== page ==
New Technologies to Minimize Postharvest Decay of Citrus
Commodity Protection and Quality
2011 Annual Report
1a.Objectives (from AD-416)
(1) Optimize effectiveness of packinghouse treatments to minimize postharvest losses.
(2) Evaluate novel methods of packinghouse sanitation.
(3) Preharvest measures to minimize postharvest decay losses.
(4) Evaluate UV fluorescence to remove mechanically damaged fruit to reduce decay.
1b.Approach (from AD-416)
Continue laboratory tests to develop new and promising treatments to control postharvest decay of citrus fruit that are EPA "reduced risk", listed in the USDA National Organic Program, or are FDA GRAS-listed compounds. We will examine the impact the mode of application, of heat on their effectiveness and residues, and their compatibility with other compounds such as chlorine and other fungicides.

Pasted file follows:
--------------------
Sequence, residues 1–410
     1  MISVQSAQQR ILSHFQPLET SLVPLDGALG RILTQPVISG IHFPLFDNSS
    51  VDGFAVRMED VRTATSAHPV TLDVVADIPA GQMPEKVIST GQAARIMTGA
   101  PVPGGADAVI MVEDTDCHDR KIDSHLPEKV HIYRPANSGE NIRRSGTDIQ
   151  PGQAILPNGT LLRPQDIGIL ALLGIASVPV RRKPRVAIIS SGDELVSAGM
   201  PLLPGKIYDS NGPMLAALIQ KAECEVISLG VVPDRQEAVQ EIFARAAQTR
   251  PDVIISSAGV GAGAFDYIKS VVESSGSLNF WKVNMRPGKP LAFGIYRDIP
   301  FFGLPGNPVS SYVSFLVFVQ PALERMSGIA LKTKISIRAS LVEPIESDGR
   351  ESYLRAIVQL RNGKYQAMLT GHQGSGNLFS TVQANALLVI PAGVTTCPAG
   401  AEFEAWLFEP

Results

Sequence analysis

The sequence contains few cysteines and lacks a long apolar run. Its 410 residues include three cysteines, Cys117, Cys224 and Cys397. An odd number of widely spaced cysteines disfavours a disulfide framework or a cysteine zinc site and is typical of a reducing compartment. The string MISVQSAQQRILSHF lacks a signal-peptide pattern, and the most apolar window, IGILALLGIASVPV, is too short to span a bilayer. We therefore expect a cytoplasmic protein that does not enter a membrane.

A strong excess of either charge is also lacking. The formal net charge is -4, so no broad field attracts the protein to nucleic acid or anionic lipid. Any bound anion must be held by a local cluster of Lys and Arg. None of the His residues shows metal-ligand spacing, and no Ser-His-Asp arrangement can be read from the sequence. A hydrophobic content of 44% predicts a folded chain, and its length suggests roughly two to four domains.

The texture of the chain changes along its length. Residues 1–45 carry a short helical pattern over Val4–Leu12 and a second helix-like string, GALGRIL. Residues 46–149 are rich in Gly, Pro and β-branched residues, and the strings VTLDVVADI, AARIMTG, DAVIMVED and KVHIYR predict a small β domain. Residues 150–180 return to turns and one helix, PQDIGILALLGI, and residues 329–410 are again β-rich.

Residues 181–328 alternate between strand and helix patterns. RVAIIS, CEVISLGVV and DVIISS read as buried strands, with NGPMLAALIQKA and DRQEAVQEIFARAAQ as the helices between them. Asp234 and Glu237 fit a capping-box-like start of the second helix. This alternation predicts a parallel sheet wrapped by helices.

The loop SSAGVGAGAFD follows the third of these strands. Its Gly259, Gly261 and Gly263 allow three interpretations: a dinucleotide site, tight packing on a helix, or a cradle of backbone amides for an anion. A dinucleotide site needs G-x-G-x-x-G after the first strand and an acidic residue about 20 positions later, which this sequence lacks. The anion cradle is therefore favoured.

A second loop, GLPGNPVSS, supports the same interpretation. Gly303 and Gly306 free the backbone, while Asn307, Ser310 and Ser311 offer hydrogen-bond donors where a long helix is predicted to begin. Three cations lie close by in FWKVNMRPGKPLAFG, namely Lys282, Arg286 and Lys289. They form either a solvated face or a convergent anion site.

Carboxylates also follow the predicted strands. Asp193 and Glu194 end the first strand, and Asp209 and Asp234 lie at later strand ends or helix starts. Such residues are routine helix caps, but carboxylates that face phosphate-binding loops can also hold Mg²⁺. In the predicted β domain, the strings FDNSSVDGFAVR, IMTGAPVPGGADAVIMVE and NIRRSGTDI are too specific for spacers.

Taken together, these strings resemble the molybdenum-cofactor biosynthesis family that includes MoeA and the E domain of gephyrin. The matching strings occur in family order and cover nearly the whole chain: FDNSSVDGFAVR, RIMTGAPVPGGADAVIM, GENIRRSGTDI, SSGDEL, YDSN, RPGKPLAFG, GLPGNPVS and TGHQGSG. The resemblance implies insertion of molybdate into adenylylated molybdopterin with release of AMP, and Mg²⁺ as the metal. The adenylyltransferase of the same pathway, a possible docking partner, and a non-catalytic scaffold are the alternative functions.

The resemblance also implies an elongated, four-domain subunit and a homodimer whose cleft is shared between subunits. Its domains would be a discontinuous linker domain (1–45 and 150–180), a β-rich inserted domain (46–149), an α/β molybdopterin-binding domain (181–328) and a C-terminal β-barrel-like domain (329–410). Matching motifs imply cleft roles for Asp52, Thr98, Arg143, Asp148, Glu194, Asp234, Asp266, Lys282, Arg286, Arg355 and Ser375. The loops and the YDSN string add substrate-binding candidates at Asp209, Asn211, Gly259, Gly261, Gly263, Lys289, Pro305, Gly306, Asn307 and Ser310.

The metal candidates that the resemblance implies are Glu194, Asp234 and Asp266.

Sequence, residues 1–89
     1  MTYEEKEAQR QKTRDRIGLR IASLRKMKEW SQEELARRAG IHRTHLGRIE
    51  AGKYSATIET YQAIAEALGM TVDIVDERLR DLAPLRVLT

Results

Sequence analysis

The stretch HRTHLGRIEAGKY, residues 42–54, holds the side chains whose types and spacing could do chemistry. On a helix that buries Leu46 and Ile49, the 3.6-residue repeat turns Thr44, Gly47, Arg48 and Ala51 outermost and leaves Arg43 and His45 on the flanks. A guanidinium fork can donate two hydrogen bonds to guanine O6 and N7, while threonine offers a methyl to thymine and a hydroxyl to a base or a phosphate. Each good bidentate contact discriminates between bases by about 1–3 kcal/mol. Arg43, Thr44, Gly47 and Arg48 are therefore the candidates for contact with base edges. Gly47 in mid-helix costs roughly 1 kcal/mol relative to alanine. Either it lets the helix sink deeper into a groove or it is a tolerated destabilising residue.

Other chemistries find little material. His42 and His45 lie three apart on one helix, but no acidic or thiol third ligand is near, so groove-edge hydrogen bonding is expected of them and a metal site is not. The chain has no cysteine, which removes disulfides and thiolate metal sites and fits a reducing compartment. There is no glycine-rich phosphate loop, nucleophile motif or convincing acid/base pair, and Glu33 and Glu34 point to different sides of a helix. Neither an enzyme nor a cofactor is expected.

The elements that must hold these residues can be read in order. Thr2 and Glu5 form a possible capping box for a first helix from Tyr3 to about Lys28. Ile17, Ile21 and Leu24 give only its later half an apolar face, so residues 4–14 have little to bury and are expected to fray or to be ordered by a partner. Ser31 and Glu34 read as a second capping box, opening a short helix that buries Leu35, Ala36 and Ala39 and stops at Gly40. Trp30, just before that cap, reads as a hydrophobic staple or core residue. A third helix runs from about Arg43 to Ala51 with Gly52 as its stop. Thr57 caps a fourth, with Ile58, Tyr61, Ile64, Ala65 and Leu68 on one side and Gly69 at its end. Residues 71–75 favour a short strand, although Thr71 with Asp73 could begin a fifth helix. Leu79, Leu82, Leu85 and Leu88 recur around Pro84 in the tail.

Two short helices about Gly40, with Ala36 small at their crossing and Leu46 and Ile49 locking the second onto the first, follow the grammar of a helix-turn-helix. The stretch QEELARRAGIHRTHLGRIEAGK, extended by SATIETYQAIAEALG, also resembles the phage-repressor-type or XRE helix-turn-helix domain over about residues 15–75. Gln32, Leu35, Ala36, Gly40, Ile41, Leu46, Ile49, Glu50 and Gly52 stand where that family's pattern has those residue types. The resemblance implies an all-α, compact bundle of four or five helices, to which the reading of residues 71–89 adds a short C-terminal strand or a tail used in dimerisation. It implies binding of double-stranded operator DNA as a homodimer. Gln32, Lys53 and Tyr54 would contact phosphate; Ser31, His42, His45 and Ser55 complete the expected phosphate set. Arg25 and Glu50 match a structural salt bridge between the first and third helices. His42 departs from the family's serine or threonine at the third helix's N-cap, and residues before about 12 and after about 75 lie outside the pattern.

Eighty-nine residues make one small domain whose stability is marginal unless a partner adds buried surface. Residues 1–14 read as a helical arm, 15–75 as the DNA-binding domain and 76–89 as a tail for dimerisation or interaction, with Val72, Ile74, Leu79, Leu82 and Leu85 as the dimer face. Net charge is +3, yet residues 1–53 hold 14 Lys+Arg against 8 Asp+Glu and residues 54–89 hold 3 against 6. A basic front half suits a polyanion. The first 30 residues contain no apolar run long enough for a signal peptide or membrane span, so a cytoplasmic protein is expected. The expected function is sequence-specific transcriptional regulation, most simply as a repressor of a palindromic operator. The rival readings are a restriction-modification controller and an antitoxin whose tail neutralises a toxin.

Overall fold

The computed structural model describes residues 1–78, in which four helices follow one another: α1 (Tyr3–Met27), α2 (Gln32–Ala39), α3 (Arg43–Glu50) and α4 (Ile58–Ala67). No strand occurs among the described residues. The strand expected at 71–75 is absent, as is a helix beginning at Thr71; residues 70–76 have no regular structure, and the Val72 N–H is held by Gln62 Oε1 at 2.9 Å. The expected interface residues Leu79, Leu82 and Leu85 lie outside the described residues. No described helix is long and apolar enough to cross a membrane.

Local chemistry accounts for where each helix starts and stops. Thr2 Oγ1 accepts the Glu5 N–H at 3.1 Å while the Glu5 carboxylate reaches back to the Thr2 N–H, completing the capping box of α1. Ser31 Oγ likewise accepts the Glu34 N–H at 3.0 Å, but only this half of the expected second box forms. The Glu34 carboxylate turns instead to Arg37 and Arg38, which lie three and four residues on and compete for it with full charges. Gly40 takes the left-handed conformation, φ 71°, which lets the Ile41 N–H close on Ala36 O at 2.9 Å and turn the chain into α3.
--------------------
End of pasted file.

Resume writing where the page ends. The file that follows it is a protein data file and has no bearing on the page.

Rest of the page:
This agreement was established in support of Objective 2 of the in-house project, the goal being to develop integrated and commercially feasible postharvest practices and treatments to improve quality and extend the shelf and shipping life of fresh fruit (primarily citrus fruit and table grapes). Postharvest decay annually causes significant losses of fresh citrus fruit. Control of the diseases by fungicides has been compromised by the development of fungicide resistance by the fungal decay pathogen Penicillium digitatum. Phosphites (also termed phosphonates) are salts of phosphorous acid (H3PO3), nutritionally ineffective forms of phosphorus with an oxidation state of +5, as opposed to phosphorus compounds of oxidation state +3 that are used in fertilizers and utilized by plants. Exempt from residue tolerances for many applications, they merit evaluation because of their benign environmental aspects. When applied to citrus fruit after harvest, phosphite solutions controlled postharvest decay losses significantly in repeated tests with many varieties of citrus fruit in tests conducted at the San Joaquin Valley Agricultural Sciences Center in Parlier, and a commercial formulation became available in 2010. These results were presented to growers in a written progress report to the California Citrus Research Board and an oral presentation to the University of California-sponsored Postharvest Pest Control Seminar on April 5, 2011 in Santa Barbara, CA.